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By David Odell
There is an underlying trend to use a Wiki to produce technical documentation. Wikis have been used by developers for a number of years and, as a technical writer, you need to collaborate with the developers, and using this format will make it more palatable for them.
The Wiki format for actually creating documentation could be a problem to certain technical writers. The reason for this is that a lot of writers tend to be very secretive in what they are producing. This has always been possible if you are using desktop software, and the only storage of your current document is on your own machine, rather than using a program such as SourceSafe or ClearCase, though most companies these days, to use some kind of document control management system.
How will the old school of technical writer, be able to cope with the fact that the moment they have written a technical description or procedure have it virtually live throughout the development team.
I believe it will not be long before we see the majority of documentation tools being online, and not being discrete software installed on the user machine. This will be in parallel with the movement of more development applications online, but this will not just be limited to SaaS setups.
The advantages of using a Wiki are as follows…
- Easy to install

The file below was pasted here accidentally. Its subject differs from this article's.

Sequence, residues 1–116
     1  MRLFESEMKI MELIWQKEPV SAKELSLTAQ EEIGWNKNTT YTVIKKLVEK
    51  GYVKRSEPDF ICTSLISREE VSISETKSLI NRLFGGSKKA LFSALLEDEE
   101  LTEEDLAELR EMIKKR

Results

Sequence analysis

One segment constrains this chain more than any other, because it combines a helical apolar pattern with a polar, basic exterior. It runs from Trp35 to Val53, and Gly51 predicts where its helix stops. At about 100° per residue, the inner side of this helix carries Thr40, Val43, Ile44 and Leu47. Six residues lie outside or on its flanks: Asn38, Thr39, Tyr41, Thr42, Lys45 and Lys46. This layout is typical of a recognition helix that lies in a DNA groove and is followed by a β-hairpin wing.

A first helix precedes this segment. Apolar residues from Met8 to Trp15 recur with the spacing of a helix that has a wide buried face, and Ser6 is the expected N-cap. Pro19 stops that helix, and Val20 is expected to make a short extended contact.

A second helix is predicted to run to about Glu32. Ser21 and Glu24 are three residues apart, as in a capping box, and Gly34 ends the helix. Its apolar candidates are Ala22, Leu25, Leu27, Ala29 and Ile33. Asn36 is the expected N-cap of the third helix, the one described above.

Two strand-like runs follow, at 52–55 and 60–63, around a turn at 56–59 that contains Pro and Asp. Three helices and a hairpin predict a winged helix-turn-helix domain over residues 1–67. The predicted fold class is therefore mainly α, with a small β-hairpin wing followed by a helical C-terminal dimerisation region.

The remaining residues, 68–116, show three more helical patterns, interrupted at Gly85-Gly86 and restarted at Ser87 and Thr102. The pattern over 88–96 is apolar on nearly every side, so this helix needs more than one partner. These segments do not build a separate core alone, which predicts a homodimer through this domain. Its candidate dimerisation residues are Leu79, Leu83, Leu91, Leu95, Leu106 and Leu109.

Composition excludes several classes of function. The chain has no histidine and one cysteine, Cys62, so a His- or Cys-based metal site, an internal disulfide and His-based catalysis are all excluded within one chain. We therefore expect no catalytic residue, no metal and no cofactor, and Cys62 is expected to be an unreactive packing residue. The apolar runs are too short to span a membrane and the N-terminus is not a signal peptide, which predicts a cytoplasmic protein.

- Have a simple, consistent page layout
- Easy to create and maintain structured, up-to-date documents:
- Easy to access through the web, with simple login or without any login
- Easy to modify, no need to know HTML
- Easy to link pages
- Easy to create simple and consistent pages
- Easy to search
- Easy to extend with external pages.
- Easy to distribute for formal reviewing and tracking comments
And from the research side s of writing your documents:
- Easy to get collaborative efforts from the developers
- Easy to grab information directly from the developers witty wiki.
- You will be able to see what new ideas are being added to be product you’re writing about or what planned ideas look like they’re going to be non-starters.
So how do you get the finished document from the Wiki to a hard copy manual?
Most Wiki types allow files to be exported in OpenDoc format, which itself is compatible with most office suites.
Now are you are you confident enough in your ability to have your “Work in Progress” continually subject to prying and subjective eyes?
David Odell has been a freelance technical writer for over 25 years. Having worked on varied projects from Bakers Ovens to Flight Simulators and Accounting Software to Medical Equipment all over Europe, he is used to writing to different audiences in different countries. He is now exploring different writing genres and related topics. [http://www.daveodell.co.uk]Dave Odell Freelance Writer, [http://www.techauthors.co.uk]Technical Authors Resource